SCAT SINGING


Scat singing is used in vocal jazz and is simply done by extemporizing with the voice, using words and syllables which are seemingly nonsense and gibberish. At other times, scat singing is achieved without the use of words at all. With scat singing, singers are able to improvise rhythms, tunes and melodies, producing a sound akin to a musical instrument simply with the use of their voice. Scatting has been employed by many a jazz singer, especially since the turn of the twentieth century, to spruce up and bring zest to a particular song.

Scat singing began to come into prominence in the early part of the twentieth century. Perhaps one of the most famous songs cited for scatting is Louis Armstrong’s version of “Heebie Jeebies”, recorded in 1926. In fact, many people believe that it was Louis Armstrong who first came about with the first song numbers employing scat. However, according to jazz singer Jelly Roll Morton, whose peak of fame was during the turn of the twentieth century, the credit of being the originator of scat singing should go to Joe Sims, an old funnyman from Vicksburg, Mississippi, who created scat singing in the early part of the twentieth century. Eventually, jazz singers such as Morton himself, Tony Jackson and various others, realizing that scat made for a good song introduction, took on scat singing and made it big in New Orleans, all as early as 1906.

There are several earlier examples of recordings of scat singing. A particular example would be “King of the Bungaloos,” which has ragtime scat choruses in it and which was sung by Gene Greene. Gene Green recorded this song as well as many others between 1911 and 1917, all with several bars of scat singing. Even performer Al Jonson did a few bars of scat vocals while singing “That Haunting Melody” in 1911. In 1917, Gene Green scatted part of “From Here to Shanghai” in ersatz Chinese. Furthermore, in 1924, singer Gene Rodemich sang a few scat bars in “Scissor Grinder Joe” as well as “Some of These Days.”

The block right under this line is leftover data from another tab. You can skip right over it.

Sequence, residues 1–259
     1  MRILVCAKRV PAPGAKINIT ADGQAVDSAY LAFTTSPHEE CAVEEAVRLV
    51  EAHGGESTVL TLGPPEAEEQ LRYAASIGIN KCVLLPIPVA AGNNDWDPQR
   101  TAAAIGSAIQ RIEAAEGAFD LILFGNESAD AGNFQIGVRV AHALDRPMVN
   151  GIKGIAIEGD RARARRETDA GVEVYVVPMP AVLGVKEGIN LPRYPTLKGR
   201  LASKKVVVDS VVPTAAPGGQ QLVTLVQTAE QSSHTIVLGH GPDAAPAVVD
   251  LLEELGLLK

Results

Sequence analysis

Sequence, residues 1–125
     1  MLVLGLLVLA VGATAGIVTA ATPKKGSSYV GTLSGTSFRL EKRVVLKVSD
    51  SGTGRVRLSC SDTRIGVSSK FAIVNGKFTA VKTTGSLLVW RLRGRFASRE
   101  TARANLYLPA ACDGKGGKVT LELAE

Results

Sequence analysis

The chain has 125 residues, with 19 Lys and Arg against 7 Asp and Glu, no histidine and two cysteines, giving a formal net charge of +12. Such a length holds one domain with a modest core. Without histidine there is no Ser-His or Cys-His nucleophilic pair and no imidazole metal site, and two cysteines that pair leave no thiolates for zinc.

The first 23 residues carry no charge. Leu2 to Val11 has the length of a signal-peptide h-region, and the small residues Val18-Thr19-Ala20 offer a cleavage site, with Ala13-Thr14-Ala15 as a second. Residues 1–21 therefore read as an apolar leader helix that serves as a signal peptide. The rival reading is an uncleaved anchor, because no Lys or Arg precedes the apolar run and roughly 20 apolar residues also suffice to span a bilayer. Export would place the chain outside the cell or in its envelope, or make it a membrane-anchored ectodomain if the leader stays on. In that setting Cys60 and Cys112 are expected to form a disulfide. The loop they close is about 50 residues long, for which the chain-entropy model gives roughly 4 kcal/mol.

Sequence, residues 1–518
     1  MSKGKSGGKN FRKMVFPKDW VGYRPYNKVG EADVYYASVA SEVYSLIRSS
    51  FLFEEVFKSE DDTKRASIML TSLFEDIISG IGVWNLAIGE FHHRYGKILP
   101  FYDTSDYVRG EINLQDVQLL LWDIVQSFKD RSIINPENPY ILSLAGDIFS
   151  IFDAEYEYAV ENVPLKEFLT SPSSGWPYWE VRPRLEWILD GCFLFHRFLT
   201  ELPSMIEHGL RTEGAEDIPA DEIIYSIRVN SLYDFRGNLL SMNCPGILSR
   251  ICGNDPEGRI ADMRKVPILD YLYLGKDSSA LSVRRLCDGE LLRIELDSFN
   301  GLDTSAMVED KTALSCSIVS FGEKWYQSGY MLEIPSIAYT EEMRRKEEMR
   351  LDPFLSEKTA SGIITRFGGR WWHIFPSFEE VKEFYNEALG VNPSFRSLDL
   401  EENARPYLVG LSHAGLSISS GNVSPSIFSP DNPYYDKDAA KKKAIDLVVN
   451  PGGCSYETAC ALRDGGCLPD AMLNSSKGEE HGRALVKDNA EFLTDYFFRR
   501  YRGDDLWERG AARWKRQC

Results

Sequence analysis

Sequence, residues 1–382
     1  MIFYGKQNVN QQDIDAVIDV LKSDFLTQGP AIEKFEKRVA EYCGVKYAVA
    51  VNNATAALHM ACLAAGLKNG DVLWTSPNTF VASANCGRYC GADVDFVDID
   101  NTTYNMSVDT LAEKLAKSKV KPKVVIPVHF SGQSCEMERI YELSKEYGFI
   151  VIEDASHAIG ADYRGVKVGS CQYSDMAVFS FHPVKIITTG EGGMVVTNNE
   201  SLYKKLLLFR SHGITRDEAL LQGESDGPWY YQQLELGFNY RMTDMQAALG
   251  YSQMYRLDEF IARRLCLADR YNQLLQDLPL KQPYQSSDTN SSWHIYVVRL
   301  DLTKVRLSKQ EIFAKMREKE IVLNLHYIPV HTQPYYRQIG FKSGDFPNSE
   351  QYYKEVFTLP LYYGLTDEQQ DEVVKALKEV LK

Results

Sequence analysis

Still another example would be the scat interlude of Cliff “Ukelele Ike” Edwards in the middle of “Old Fashioned Love,” recorded in 1923. Another citation would be “My Papa Doesn’t Two-Time No Time,” featuring scat singing by Don Redman and Fletcher Henderson, which came out in 1926 just five months ahead of Armstrong’s famous “Heebie Jeebies,” with his band called The Hot Five.

Nonetheless, it was this particular performance of Armstrong that was the defining moment for scat singing, serving to catapult it to establishment. Interestingly, legend has it that Armstrong did scat while recording “Heebie Jeebies” because he didn’t know the lyrics of the song, thinking that that particular portion would get slashed out of the recording in the end. For some reason, however, the entire song was released, and eventually turned out to be a bestselling record nationwide. Indeed, the scat techniques employed by Armstrong in “Heebie Jeebies” turned out to be a template for modern scat singing and influenced many a jazz singer and artist who followed in his footsteps.

 

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